Privilege and travel – there’s a link says Felicia
Next time it’s getting tough, with bedbugs or a rising stink in the dorm, just remember you’re lucky. It’s way too easy to take things for granted. Two bloggers this week have helped us reflect on this. Ciaofelicia, over at ciaofelicia.com, recently wrote “I Can Travel Because I’m Privileged“. Hear her out. She writes that:
I really don’t pay for much on my own. I’m 22, live at home, and don’t pay rent. I don’t pay for my cell phone bill or car insurance either. I didn’t have to pay for my bachelor’s degree, so I am not in debt. My family is all healthy and there is no one that needs me there to take care of them. I am American, white, and healthy. If I were to get sick, I have enough family that I would be taken care of and would never be alone on the streets. I am beyond privileged. And a year ago, I would have never had the humility to have been able to say that.
By contrast, “it seems to me that everyone who travels wants to share about how they worked so hard to be able to travel…” But that, to Ciaofelicia, is only a half truth: “[I]t’s not as simple as just working hard. What about the people who are discriminated against for being of color, the people who have to stay at home and work to support their family, and the people who don’t have a great family to financially or emotionally support them? No amount of hard work will allow them as much ease to travel as I have.” A point to reflect on, we reckon. There’s a lot of be grateful for.
The passport – one of the greater unspoken privileges?
And one taken up by Melai Campilla, who illustrates vividly the difficulties of being a nomad on a “third world” passport in her recent post “The Truth about Traveling on a Third World Passport“. Sadly, Melai writes, “Asians or third-world passport holders can’t travel on a whim.” Conveniently, most bloggers “fail to mention […] their citizenship and mighty passports”, a huge leg up and one that allows “travel […] without visa in over 150+ countries…”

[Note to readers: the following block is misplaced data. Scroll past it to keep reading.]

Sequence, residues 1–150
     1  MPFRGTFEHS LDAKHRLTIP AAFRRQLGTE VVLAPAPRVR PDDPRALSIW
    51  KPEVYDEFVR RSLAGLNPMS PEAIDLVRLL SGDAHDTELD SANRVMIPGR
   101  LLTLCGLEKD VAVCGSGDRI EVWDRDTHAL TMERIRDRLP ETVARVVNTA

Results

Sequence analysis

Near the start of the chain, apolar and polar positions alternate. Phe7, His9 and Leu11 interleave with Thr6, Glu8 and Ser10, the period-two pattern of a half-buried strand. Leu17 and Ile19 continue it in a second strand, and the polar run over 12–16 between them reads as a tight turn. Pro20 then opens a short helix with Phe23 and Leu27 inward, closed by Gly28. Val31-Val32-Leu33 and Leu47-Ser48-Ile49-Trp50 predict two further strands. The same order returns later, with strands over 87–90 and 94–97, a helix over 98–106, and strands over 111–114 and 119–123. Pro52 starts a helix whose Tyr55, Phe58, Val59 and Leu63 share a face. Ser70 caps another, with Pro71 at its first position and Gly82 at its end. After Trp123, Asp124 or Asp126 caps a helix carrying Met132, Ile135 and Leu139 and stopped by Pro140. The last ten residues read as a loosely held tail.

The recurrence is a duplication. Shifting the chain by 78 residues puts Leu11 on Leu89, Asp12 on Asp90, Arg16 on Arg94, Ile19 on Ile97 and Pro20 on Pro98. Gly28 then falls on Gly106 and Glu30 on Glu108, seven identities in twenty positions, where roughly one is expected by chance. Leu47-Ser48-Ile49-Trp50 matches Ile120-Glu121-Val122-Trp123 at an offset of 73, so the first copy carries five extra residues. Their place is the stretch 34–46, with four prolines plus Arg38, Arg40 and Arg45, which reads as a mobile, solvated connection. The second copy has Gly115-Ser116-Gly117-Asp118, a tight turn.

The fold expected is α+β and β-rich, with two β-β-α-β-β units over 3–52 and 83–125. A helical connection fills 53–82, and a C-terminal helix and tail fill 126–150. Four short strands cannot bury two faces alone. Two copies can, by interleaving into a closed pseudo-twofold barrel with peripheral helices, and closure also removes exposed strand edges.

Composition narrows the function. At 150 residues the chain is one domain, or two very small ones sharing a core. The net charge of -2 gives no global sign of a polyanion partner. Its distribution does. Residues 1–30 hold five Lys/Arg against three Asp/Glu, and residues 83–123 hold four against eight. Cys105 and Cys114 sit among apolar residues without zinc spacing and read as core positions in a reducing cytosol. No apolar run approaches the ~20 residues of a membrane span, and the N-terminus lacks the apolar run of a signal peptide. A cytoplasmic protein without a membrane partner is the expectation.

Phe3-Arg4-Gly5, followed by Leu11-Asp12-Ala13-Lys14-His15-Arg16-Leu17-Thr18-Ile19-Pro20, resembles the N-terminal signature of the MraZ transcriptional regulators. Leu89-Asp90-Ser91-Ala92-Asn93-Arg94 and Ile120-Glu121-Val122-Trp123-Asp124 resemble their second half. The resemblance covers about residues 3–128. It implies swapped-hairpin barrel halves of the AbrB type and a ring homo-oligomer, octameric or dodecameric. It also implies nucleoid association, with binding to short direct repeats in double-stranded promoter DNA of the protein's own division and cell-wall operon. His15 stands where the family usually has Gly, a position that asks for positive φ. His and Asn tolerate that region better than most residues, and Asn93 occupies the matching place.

Folks without such fancy passports have to accept long and tedious visa processes, proving their job and income down to every last detail. Most visas don’t allow work, and you’re hit by the low buying power of your savings compared to the places you visit. Add to this “familial responsibility”, huge in Asian cultures, and something that leaves you feeling guilty about your travel priorities.
It’s tough, certainly, but that’s not a reason to lose heart: “Don’t let anyone talk you down about your dreams”, Melai writes. “If you want to travel then by all means work hard, save more and reach that dream. Slowly. You don’t need to do it [in] one shot.” Will you get there, she asks in her post. “Definitely!”
That’s it from us this week. FN.
What are your friendly tips? Don’t be shy. Let us know by leaving a comment below.